Gloria Valdes MD.

Gloria Valdes MD
Gloria Valdes MDProfesor Emerito Facultad de Medicina
Pontificia Universidad Catolica Santiago, Chile


After graduating in 1968 from Faculty of Medicine,  Pontificia Universidad Católica in Chile, I trained in Nephrology and continued in the Research Division of the Cleveland Clinic, Ohio, USA, between 1970-1972. My mentors in Cleveland, Harriet P. Dustan and Robert B. Tarazi had characterized the hemodynamic patterns of the different stages of essential hypertension and of secondary hypertension, which permitted the individualized management of hypertensives. On returning to my alma mater I incorporated these criteria to patient care, but when treating pregnant hypertensives. Due to the lack of information, this approach was unviable to simultaneously manage two patients, one of whom might suffer from the reduction of maternal blood pressure.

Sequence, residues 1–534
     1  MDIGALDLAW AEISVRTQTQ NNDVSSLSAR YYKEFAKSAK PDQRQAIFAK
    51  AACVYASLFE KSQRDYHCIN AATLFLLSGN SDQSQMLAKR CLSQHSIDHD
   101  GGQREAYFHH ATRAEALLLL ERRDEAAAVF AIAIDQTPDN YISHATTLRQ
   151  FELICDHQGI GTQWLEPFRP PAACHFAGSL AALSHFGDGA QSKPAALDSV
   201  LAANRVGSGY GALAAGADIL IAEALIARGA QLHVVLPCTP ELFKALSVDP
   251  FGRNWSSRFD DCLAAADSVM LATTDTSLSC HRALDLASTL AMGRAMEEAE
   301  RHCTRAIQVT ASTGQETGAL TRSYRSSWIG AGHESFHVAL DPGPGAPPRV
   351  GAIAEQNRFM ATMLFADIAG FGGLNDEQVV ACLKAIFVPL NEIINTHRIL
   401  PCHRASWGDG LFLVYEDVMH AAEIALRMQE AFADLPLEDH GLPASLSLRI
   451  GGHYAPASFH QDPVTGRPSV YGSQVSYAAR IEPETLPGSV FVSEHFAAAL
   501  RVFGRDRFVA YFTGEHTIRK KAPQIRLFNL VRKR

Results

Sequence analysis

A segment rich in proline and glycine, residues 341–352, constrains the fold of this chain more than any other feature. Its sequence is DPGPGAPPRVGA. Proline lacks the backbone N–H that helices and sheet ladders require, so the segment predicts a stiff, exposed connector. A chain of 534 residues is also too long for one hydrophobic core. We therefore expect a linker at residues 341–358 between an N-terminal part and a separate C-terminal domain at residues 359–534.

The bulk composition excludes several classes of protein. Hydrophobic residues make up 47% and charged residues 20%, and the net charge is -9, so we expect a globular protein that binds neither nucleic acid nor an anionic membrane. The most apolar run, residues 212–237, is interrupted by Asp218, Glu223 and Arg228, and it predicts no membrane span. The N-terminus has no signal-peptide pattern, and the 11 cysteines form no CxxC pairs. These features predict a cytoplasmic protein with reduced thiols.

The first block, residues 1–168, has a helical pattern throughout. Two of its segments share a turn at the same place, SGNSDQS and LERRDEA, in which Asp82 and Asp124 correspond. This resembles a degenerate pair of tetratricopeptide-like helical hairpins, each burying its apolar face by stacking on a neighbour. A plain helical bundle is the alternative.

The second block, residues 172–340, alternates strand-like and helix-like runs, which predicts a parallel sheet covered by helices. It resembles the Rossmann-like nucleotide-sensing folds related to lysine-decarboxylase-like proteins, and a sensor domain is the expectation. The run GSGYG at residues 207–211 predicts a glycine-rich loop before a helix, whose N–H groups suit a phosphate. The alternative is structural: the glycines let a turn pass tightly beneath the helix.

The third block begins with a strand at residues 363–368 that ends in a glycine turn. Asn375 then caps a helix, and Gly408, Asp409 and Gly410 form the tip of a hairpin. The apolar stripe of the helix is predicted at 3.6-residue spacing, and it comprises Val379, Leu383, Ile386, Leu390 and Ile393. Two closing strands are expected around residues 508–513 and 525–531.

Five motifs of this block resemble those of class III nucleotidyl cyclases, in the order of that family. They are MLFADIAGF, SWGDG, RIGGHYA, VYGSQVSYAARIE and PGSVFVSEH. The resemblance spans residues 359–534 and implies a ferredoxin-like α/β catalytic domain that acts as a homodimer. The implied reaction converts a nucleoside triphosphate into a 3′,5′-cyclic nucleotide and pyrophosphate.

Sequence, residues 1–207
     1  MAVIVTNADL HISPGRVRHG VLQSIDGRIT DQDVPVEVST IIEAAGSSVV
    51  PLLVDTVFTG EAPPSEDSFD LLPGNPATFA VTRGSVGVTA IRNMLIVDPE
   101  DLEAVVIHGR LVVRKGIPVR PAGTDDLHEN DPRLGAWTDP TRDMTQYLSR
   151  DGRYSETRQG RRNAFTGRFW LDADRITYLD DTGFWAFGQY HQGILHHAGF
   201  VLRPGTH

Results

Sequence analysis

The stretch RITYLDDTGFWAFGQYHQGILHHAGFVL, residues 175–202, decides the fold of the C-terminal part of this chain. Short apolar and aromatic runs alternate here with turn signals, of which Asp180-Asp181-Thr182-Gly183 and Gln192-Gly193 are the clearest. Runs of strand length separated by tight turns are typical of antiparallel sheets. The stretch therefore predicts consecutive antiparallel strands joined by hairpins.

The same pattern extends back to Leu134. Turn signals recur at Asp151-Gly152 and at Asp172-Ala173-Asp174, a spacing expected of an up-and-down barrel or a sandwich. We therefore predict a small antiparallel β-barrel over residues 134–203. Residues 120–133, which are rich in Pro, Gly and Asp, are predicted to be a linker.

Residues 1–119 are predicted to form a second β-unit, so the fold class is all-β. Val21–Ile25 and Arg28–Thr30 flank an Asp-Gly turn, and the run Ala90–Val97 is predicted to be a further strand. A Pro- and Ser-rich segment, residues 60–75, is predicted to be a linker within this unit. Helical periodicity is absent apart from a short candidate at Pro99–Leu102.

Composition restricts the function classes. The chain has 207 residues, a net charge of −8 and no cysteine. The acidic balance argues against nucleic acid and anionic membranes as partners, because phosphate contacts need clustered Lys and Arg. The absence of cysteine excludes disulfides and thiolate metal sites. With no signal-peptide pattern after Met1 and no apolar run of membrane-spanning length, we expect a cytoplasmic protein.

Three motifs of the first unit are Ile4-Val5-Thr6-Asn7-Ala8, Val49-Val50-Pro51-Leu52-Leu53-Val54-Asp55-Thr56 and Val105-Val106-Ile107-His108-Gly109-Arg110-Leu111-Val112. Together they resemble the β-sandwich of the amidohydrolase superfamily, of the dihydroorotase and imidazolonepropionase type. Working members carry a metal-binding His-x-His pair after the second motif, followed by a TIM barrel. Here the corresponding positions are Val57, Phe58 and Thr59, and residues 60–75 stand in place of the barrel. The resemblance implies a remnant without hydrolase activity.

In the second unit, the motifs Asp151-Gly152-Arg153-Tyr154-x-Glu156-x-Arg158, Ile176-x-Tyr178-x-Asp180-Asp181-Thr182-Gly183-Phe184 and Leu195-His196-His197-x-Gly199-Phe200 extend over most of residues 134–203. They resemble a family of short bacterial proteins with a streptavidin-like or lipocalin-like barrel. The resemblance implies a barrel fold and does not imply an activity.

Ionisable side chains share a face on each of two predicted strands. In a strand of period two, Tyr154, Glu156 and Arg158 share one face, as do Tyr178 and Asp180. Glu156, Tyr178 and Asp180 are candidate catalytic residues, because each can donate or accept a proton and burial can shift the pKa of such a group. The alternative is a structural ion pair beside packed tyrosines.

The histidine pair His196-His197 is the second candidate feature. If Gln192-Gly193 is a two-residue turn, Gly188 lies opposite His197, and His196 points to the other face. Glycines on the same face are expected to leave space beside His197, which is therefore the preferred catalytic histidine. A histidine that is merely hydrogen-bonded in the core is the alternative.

Thinking that vasodilators were pivotal in maternal hemodynamics and that tissue kallikrein – by its capacity to generate kinins – could counteract the pressor effect of the renin system (1), I decided to investigate this system, thus starting my research line. I invited my former professor of physiology, Héctor Croxatto, a strong advocate of this vasodilator system, to study normal pregnant women in search of associations between plasma renin activity and urinary kallikrein.

Our work showed that urinary kallikrein, which reflected renal synthesis, preceded the rise of renin, suggesting a primary role for the vasodilatory kallikrein-kinin system in pregnancy (2, 3). If this was so, kallikrein and its main receptor, the B2R, should be expressed in the primary site of pregnancy, the implantation site.

Laboratory Research